In most African countries, many people believe that gaining weight is a sign of good living. “When you gain weight, your helpers may ask you for money.” The general idea is that sick people lose weight and healthy people become thick. Unfortunately, that is a wrong perception. Below are three diseases that can make a person gain weight considerably in a short period.
1. Heart failure
First, people who are having heart failure may gain weight in a very short period. Since the heart is not able to perform its duty of pumping blood throughout the body, most of the body tissues will retain fluid which will reflect as weight gain.
You can distinguish heart failure weight gain from others by checking for swellings in other parts of the body. First, check the feet, hands, and stomach. There are other signs of heart failure too that you must check. In my next article, I will talk about these signs.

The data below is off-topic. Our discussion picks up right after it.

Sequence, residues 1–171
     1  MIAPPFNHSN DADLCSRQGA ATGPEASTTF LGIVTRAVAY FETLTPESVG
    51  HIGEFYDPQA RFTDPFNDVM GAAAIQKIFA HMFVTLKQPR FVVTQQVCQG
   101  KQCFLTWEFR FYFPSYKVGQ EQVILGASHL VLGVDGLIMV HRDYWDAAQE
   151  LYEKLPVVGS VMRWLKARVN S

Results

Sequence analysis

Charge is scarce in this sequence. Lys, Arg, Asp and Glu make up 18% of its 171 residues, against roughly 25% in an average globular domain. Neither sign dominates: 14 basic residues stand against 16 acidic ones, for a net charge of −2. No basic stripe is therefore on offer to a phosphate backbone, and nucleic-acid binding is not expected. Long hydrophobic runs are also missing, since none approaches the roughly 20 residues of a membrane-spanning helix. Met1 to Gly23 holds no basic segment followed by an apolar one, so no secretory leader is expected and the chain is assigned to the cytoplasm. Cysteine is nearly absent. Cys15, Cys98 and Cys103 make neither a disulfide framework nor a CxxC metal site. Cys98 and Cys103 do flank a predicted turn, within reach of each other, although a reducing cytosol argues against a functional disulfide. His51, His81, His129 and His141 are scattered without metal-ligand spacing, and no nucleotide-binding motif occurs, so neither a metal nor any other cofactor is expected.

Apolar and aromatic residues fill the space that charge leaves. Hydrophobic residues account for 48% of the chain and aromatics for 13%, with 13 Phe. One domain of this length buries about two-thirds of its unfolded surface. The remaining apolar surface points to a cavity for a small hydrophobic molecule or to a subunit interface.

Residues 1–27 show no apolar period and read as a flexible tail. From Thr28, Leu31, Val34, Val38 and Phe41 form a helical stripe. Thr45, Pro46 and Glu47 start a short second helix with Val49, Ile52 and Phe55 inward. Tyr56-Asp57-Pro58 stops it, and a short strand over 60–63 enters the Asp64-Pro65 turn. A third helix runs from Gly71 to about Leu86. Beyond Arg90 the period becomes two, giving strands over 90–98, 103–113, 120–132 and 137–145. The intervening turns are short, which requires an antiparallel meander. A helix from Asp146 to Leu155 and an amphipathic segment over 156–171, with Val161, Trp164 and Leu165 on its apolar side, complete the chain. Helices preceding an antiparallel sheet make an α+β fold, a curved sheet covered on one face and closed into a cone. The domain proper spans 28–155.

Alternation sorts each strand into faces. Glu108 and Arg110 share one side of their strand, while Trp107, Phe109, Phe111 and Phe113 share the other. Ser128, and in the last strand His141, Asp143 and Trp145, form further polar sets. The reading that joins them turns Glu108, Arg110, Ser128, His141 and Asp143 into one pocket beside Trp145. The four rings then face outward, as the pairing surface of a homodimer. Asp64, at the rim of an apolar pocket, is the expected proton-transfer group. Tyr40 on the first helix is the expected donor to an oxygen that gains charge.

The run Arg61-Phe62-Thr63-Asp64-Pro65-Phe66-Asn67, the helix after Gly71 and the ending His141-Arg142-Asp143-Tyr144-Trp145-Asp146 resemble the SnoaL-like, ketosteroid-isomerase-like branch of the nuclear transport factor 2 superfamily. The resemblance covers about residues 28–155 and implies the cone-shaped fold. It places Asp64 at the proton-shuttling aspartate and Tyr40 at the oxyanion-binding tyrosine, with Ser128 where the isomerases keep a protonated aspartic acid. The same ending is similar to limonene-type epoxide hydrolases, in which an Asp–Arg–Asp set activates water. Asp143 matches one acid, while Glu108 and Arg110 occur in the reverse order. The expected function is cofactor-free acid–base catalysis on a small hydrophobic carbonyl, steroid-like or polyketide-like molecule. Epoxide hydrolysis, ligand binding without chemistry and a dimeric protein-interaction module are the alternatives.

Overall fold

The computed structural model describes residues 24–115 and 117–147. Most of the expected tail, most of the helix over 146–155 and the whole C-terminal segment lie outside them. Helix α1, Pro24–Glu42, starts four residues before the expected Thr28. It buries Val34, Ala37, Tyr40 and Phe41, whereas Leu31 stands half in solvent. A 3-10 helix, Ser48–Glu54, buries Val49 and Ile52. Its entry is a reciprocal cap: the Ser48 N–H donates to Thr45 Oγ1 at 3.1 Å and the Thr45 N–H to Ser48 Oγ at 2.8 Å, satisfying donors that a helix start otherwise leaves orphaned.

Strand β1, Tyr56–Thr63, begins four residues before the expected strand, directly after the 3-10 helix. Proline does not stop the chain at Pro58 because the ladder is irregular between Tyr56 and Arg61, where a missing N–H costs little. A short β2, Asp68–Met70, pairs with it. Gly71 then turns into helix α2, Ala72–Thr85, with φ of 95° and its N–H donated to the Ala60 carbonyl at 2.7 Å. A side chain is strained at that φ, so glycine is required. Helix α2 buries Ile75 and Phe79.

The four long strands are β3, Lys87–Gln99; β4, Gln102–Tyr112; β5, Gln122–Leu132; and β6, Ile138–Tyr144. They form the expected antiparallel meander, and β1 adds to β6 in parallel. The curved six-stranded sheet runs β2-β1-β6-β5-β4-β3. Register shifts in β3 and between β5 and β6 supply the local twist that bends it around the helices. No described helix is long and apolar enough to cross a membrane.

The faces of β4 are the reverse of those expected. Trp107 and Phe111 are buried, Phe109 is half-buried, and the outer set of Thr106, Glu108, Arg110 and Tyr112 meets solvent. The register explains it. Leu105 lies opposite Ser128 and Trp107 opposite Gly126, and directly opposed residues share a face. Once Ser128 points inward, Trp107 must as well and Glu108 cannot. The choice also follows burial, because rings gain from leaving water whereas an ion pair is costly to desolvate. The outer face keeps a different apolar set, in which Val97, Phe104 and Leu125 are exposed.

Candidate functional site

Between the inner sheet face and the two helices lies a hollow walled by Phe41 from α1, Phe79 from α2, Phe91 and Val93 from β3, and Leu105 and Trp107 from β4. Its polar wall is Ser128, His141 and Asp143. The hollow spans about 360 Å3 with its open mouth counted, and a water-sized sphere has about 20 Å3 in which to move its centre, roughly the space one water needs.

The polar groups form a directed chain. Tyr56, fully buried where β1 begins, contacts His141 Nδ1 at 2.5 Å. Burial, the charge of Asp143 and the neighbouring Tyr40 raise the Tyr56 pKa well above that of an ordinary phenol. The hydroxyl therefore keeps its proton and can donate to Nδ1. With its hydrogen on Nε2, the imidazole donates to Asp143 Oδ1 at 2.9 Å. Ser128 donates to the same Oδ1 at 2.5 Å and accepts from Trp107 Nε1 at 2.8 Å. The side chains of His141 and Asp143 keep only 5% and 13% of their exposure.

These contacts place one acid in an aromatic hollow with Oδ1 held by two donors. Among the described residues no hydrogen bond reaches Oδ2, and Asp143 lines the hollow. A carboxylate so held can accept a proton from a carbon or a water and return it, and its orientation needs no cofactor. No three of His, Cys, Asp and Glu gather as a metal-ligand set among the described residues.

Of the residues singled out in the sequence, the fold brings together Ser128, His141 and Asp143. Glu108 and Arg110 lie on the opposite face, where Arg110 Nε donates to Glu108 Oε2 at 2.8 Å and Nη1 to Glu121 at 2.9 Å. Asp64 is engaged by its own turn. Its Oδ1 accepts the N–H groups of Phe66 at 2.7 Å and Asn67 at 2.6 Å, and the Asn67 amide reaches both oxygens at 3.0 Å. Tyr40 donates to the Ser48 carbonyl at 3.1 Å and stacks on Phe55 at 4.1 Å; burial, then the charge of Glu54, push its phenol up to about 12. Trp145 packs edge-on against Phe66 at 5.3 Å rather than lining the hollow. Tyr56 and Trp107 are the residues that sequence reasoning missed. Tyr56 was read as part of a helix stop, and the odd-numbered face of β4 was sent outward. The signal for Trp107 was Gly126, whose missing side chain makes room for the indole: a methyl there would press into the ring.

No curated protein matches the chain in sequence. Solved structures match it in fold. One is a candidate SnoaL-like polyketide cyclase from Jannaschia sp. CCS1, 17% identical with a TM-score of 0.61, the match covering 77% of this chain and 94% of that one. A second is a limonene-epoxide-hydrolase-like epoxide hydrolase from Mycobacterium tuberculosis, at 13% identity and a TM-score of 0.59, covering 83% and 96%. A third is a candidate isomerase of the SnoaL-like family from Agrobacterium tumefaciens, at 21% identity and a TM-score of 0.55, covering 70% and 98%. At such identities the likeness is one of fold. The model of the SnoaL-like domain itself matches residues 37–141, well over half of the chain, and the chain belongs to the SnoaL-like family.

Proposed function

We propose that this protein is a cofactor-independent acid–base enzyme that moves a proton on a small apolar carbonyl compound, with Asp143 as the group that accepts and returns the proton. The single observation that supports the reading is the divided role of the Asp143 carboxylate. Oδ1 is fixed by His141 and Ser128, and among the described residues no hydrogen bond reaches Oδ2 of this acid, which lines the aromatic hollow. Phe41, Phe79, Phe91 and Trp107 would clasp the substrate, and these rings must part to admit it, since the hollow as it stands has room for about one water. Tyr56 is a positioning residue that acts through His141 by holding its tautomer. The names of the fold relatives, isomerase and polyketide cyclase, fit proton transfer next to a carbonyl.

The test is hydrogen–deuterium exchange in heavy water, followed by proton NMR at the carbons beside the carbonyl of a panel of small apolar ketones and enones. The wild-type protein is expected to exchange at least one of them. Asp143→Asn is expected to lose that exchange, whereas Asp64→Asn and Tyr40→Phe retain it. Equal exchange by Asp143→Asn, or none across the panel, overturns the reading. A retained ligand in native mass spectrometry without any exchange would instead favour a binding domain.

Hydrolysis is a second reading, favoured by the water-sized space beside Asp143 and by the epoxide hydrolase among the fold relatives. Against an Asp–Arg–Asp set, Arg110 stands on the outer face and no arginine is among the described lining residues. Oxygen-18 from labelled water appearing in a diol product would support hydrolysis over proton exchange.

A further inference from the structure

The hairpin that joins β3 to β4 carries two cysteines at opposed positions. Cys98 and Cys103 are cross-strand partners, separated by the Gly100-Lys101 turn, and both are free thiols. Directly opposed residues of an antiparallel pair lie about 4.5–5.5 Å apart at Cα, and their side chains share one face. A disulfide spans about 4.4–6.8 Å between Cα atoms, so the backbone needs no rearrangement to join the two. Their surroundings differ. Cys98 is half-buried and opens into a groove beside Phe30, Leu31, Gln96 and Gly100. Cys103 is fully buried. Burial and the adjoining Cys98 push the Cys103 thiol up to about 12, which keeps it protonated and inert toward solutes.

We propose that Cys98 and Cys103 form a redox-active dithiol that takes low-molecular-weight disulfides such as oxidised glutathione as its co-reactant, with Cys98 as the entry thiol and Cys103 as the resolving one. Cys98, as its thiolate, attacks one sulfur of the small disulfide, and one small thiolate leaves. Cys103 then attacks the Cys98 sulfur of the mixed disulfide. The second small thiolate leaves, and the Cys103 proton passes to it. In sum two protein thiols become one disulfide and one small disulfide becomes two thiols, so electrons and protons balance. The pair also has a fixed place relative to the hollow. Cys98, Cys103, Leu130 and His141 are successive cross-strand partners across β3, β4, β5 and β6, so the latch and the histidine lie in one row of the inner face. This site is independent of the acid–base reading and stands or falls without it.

2. Kidney or liver problem
In the initial stages of a kidney or liver problem, the individual may seem to have gained weight considerably. Both factors cause water retention in the body. The kidney is responsible for removing unwanted waste materials from the body. Failure to do so means that the body will retain the fluid and the toxins.
The liver, on the other hand, is responsible for detoxifying the body, and the production of bile for digestion and the breakdown of fat. Its inability to perform its duty well may lead to indigestion, bloat, and inability to sleep. All these conditions may induce weight gain.
Weight differs depending on the type of diabetes a person is suffering from. Most times, whereas type one diabetes may lead to weight loss, the second type goes hand in hand with weight gain. First, the blood sugar level may induce the patient to eat more. Second, the intake of insulin may also cause excessive eating.
Every ten-year challenge picture may show a change in weight which people use to assess progress or retrogress. Nevertheless, we must understand that it could be misleading, and in some cases, a weight gain may be a result of a disease.